No, this newsletter is not a commentary on the ubiquitous if dehumanizing television shows highlighting the human fascination with and faculty for videotaping stupid human acts, seemingly contradicting Darwian evolution.
It is, however, a newsletter discussing the significance, if at all, of a recent Pennsylvania Superior Court opinion, in Ahmed Tagouma v. Investigative Consultant Services, Inc., circulated on August 10, 2010, beggaring/questioning the stupidity of irrational appeals, for which the ultimate question becomes, “for who, for what?”.
With apologies to Ricky Waters, a former Philadelphia Eagle’s running back whose classic philosophical retort seemingly encapsulates the empirical query of George Berkeley, the infamous English philosopher, whose fundamental empirical axiom was, “if a tree falls in the forest, and no one is there, does it make a sound?”, more aptly asking “for who, for what?”, as the Plaintiff in the above case before the Superior Court, alleged that his privacy had been invaded, when he was surveilled by an investigator, as the Plaintiff, was engaged in “private meditative” worship at a Muslim Mosque in, of all places, Mechanicsburg, PA.
In answer to Berkeley’s query, we now know, or should know, yes, the falling tree makes a sound that no one hears, nor cares about, unless the tree had Facebook friends.
In granting summary judgment in favor of the surveillance investigation company and its investigator, the Superior Court rejected the Plaintiff’s claim that he had an expectation of privacy, while at worship in the mosque, as the Plaintiff had been placed under surreptitious surveillance by the investigation company, hired by the insurance carrier paying workers’ compensation claim benefits to the Plaintiff, who was on disability for his workers’ compensation claim.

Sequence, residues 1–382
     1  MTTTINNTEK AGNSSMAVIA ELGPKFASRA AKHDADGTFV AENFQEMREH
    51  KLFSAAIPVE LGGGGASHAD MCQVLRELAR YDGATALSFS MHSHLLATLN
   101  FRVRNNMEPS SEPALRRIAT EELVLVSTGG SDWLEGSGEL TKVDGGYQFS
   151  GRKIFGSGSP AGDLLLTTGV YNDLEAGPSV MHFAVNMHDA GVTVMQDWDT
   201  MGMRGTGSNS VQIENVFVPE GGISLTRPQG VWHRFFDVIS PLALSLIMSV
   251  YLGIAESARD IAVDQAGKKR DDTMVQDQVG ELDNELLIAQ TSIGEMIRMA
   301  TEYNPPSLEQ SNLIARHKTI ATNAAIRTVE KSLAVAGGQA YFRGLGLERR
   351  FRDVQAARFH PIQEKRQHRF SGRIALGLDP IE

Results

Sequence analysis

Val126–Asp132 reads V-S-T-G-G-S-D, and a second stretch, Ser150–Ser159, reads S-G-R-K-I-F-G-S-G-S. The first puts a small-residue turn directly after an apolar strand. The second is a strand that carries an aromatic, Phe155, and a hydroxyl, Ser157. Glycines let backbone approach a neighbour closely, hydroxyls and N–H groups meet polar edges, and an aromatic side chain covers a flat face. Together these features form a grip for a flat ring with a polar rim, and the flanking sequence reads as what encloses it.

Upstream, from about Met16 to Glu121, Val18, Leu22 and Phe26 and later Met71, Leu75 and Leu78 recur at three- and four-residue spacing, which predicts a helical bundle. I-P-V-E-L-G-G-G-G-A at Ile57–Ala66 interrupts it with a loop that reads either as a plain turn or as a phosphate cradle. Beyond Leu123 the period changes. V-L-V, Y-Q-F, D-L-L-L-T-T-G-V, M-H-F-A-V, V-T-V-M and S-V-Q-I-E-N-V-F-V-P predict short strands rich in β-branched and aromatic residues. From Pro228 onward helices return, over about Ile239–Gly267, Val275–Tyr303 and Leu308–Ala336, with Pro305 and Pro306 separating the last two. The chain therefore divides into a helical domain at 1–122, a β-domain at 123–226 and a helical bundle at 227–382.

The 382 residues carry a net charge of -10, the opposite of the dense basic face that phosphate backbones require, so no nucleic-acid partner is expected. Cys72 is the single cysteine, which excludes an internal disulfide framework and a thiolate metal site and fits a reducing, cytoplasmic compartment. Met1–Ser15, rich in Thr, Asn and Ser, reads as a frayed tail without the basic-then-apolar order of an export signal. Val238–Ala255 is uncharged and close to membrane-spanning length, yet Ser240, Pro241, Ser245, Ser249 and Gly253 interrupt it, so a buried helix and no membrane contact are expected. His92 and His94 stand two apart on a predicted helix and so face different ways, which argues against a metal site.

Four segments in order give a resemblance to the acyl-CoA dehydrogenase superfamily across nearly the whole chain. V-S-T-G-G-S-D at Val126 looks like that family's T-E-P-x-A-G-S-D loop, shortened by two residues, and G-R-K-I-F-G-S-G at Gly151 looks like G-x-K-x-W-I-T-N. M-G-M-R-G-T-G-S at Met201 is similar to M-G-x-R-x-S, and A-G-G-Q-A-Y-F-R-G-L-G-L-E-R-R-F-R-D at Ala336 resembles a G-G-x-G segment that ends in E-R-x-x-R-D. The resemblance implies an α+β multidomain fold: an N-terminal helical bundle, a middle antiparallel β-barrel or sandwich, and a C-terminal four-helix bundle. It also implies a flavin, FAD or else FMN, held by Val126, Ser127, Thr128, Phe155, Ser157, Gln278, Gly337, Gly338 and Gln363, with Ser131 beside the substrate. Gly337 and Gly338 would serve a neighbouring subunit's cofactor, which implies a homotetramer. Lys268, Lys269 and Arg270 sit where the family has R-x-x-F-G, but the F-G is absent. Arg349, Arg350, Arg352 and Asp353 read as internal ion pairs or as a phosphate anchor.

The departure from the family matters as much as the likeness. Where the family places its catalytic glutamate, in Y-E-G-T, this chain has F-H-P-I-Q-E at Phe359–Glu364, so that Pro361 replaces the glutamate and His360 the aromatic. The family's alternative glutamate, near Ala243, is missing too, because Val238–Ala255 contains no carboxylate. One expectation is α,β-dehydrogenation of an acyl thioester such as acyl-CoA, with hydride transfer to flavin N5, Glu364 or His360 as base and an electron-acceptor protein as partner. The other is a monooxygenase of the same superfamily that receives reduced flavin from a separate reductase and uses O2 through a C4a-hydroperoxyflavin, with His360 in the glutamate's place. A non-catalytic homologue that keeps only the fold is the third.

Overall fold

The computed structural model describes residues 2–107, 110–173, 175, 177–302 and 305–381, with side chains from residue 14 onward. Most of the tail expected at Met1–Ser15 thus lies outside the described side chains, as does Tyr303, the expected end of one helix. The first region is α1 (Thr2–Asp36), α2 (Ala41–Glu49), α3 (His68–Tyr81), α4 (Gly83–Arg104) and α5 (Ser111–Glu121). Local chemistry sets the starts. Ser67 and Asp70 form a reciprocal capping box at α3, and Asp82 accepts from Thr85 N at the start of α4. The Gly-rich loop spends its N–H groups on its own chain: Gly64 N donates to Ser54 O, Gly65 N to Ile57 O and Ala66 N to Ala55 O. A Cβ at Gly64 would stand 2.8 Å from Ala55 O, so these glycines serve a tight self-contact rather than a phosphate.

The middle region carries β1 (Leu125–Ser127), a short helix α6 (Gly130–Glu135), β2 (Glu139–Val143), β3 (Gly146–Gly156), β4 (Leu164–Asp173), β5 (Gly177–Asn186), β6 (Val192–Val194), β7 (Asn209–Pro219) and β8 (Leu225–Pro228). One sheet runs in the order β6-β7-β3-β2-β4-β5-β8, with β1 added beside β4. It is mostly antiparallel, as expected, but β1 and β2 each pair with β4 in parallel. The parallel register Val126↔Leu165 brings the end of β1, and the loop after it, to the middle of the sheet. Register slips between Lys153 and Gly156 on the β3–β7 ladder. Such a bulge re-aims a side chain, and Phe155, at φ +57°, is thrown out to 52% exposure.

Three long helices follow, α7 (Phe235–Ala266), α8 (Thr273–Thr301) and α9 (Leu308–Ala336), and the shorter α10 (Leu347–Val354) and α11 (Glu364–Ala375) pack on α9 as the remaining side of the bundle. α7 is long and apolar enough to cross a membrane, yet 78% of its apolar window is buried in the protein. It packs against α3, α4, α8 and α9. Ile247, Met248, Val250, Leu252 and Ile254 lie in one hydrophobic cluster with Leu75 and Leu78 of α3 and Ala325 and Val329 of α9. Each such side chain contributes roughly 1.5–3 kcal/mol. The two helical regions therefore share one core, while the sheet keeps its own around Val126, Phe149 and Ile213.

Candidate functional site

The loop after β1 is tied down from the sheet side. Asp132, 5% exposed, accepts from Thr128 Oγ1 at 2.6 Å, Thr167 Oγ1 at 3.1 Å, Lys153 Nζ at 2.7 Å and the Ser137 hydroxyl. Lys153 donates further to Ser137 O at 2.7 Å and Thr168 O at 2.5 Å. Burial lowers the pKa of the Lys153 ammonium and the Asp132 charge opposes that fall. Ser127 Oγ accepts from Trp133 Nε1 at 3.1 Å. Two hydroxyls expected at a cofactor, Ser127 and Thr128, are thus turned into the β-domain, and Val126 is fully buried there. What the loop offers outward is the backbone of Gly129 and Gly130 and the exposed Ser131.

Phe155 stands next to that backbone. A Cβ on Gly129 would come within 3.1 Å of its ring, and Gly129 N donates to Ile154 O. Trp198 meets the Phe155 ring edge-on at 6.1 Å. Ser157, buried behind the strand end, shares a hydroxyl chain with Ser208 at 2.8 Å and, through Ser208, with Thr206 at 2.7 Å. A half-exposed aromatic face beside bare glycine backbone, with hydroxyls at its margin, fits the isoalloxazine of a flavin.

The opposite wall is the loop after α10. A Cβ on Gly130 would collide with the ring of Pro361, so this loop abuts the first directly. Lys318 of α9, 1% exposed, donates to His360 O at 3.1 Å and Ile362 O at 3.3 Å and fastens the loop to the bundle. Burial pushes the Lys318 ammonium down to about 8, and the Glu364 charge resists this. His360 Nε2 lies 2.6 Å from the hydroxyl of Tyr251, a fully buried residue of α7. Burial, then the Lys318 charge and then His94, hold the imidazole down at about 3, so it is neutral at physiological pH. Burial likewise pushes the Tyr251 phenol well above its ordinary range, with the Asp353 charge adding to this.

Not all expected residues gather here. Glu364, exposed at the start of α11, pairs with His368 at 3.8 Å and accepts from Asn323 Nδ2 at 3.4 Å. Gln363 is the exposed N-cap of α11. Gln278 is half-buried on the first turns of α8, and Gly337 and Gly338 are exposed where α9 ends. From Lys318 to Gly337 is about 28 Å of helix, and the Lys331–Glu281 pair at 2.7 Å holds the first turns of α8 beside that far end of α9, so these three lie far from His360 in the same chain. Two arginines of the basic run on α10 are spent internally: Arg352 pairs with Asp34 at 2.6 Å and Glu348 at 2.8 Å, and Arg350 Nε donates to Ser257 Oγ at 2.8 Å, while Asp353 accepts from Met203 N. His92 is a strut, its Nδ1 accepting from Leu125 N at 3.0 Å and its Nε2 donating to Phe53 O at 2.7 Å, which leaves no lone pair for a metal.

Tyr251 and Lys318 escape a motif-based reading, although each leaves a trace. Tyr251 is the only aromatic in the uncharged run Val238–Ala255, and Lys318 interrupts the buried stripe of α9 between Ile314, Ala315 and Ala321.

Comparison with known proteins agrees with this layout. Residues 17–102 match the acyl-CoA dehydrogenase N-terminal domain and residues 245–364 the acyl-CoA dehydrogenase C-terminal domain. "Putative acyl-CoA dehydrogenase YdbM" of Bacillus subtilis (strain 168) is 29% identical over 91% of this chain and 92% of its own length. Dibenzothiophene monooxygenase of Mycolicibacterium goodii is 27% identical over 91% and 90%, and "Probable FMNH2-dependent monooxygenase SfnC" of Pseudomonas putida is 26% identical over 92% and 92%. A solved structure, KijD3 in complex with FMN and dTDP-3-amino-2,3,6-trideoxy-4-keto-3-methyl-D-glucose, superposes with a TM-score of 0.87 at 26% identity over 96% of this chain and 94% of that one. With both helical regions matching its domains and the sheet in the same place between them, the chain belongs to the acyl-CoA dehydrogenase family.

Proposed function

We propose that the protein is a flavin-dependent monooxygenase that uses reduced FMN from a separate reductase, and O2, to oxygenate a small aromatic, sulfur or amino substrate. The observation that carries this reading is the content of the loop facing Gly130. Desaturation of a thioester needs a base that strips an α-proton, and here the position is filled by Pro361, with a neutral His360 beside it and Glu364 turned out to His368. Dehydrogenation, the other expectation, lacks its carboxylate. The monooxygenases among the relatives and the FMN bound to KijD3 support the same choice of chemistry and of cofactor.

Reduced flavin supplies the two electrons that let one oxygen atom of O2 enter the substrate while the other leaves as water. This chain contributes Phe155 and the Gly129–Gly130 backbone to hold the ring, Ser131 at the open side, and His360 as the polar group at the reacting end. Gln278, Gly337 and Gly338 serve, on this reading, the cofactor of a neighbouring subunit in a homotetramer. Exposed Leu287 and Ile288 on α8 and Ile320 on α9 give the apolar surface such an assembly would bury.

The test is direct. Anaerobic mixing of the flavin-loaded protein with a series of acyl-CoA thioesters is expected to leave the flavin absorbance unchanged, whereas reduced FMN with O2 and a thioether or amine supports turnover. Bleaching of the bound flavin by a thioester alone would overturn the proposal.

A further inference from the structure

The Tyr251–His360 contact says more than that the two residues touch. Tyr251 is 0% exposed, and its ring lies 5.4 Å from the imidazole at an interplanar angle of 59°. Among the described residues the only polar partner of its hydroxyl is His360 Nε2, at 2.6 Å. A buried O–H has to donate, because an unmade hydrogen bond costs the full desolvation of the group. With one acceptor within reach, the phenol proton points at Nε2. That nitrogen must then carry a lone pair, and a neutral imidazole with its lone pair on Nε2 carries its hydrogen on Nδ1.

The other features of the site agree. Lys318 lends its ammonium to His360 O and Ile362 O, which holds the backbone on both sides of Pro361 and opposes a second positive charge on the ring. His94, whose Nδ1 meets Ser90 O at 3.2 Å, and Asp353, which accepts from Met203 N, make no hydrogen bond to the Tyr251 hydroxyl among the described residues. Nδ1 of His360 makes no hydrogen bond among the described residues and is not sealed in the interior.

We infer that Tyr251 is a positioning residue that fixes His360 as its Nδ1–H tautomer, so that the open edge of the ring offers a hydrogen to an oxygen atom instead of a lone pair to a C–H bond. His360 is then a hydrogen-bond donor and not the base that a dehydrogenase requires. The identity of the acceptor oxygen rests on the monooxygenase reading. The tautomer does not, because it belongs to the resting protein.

In the beginning, there was the word, and the word was do not get caught, and if you do, don’t cry fowl!
In subsequent chapters of biblical irreverence, the Superior Court carefully considered the issues raised by the Plaintiff for review on appeal, to include:
Sometimes, it depends upon what the meaning of the word is, is?
Citing to the Pennsylvania Supreme Court’s landmark ruling in Forster v. Manchester, 189 A.2d 147 (Pa. 1963), the Superior Court held, in affirming the trial court’s grant of summary judgment in favor of the investigators, that someone receiving workers’ compensation benefits has a “diminished expectation of privacy”, as Forster held:
“It is not uncommon for Defendants in accident cases to employ investigators to check on the validity of claims against them. Thus, by making a claim for personal injuries appellant must expect reasonable inquiry and investigation to be made of her claim and to this extent her interest in privacy is circumscribed. It should be noted that all of the surveillances took place in the open on public thoroughfares where appellant’s activities could be observed by passers-by. To this extent appellant has exposed herself to public observation and therefore is not entitled to the same degree of privacy that she would enjoy within the confines of her own home.